Kelly Murray, 33, has lost half her teeth because a cancer-like illness has caused the bones in her mouth to disintegrate.
She was diagnosed with the rare disease Langerhan Cell Histiocytosis, which affects one in one million adults, 12 years ago.
She now faces the prospect of dying before she has a chance to see Bradley, 10, and Louis, nine, grow up, so she is desperate to smile again to enable her to enjoy the time she has left with her sons.
Kelly, form Whittington, Derbyshire, suffered two collapsed lungs when she was 20, and went on to become the only person with the illness to carry her own children.
Langerhan Cell Hisiocytosis, or LCH, is an extremely rare cancer-like disease that attacks the organs. It causes pain in the bones, spontaneous fractures, loss of teeth and extreme fatigue as well as weakness, seizures and collapsed lungs.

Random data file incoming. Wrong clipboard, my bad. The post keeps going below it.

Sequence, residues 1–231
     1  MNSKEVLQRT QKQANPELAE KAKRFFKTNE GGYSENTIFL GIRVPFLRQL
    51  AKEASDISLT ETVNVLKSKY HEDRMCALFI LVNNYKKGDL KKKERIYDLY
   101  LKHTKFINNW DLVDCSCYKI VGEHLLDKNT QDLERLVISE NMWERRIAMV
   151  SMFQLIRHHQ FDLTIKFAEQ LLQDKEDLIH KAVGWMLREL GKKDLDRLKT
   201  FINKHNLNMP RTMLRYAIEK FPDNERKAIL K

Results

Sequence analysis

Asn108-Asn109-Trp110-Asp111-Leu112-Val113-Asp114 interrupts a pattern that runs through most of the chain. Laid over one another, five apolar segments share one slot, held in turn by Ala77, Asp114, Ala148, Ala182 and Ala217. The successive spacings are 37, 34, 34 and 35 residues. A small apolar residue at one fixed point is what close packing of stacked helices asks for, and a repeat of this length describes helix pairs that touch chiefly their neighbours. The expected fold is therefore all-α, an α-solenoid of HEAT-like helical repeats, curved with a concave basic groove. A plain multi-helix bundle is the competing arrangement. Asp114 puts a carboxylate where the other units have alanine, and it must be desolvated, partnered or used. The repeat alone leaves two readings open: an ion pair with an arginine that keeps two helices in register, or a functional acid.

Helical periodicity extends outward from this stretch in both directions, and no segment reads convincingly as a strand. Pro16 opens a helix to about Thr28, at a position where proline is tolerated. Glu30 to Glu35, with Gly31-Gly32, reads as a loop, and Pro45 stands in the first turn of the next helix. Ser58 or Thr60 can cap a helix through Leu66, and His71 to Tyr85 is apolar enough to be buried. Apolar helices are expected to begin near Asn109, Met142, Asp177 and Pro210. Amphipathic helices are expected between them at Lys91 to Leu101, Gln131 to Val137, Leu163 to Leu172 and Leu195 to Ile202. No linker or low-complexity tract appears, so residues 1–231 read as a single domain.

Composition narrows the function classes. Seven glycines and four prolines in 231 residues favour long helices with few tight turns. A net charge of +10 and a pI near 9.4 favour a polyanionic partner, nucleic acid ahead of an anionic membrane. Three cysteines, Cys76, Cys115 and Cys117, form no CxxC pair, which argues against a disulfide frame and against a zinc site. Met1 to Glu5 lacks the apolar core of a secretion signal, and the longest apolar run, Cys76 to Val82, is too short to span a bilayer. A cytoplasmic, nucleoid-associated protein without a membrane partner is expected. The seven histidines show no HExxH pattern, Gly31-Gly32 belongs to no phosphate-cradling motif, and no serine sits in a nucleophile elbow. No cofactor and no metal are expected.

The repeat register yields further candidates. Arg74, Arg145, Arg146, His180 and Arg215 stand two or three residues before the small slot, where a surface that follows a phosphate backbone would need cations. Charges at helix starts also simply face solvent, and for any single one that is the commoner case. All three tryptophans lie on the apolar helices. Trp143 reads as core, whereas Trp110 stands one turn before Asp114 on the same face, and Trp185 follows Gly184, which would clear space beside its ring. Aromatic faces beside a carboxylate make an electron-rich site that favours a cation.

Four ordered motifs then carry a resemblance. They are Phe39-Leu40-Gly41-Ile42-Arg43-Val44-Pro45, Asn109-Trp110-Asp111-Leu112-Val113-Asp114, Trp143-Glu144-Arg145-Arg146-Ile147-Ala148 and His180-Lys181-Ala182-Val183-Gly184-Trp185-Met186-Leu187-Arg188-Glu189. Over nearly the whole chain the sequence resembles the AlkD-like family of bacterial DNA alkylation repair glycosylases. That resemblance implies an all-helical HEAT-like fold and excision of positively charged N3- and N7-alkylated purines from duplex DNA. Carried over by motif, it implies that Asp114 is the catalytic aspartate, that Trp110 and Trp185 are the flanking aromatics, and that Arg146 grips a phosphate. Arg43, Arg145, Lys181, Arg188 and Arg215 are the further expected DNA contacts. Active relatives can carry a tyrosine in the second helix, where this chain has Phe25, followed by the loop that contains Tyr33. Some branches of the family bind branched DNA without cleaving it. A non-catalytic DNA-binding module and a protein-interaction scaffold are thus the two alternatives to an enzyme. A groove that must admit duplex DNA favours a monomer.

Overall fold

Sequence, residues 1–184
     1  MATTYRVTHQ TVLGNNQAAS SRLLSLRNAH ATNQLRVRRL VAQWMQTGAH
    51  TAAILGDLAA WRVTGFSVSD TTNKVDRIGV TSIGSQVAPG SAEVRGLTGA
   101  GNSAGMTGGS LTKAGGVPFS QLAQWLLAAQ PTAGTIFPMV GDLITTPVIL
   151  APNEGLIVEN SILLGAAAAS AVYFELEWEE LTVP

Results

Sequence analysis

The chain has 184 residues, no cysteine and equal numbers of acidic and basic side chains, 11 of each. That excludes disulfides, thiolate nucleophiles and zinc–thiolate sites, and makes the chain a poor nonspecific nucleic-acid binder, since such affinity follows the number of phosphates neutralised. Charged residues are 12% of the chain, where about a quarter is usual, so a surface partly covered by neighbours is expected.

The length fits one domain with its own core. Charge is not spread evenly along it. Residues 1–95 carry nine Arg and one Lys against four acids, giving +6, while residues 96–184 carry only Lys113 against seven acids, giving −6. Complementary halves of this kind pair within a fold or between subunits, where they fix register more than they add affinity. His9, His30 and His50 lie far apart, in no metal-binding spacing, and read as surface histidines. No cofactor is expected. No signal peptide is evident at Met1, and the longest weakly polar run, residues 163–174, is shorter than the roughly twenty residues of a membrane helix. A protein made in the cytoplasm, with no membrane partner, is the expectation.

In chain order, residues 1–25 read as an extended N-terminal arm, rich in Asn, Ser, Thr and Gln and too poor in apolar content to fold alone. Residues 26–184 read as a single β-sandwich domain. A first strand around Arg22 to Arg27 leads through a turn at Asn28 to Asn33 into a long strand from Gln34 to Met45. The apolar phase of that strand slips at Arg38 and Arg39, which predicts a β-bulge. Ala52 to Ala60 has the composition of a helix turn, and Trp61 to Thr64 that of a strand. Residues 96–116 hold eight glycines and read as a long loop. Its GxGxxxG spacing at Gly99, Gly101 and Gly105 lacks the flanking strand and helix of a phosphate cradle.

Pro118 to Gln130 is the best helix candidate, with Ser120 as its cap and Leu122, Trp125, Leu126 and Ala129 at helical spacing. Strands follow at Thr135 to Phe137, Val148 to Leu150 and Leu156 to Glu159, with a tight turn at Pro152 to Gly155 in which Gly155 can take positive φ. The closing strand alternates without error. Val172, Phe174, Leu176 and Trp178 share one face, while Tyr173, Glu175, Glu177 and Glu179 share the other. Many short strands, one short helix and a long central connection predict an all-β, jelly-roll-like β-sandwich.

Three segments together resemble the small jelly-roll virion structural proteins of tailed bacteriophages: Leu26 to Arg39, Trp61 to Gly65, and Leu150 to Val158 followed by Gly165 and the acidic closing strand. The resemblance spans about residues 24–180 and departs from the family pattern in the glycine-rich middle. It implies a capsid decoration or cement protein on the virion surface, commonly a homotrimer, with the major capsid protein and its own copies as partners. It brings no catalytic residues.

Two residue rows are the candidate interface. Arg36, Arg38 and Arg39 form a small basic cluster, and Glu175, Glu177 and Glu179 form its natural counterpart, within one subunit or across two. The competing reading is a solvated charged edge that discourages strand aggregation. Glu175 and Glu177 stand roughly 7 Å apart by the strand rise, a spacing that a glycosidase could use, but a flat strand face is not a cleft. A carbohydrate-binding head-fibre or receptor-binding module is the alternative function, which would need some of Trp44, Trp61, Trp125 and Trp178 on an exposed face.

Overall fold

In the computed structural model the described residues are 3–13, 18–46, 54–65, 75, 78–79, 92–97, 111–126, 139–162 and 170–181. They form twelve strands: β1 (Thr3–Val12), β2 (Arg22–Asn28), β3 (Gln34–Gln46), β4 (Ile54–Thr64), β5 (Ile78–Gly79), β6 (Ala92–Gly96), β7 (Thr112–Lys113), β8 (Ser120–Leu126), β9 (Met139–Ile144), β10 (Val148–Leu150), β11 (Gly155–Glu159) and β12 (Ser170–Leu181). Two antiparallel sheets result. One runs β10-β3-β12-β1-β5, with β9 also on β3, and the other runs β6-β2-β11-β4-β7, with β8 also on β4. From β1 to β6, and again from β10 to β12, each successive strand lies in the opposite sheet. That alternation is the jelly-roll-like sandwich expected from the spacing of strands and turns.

It can affect a sufferer's memory and affect the pituitary gland, leaving the disease to spread from one organ to another.
At the start of last year, Kelly's condition began to deteriorate. She's now been told by doctors that she has just 12 months to live.
She said: "I find it hard to accept that I won't see my sons grow up. I want to see them grow into young men. I don't want to miss their first day of secondary school.
"I have always tried to keep on going, but you know your own body, and I know. I can barely lift things.
"Sometimes the pain is so bad and I don't sleep, and if I do I wake up gasping. I'm more tired and I feel weaker."
Kelly has to use an oxygen tank because the disease has cut her lung function by 60 per cent.
Now her friends Karla Wilkinson and Sherralyn Newton want to raise money so Kelly can have veneer dentures fitted and be able to smile again.
Kelly said: "It would give me my confidence back, and I could pose for pictures the boys could look at for years to come, even after I'm gone."
Karla added: "We're also hoping to get her and the boys a private photo shoot and maybe a holiday so the boys have memories to last along with Kelly's smile."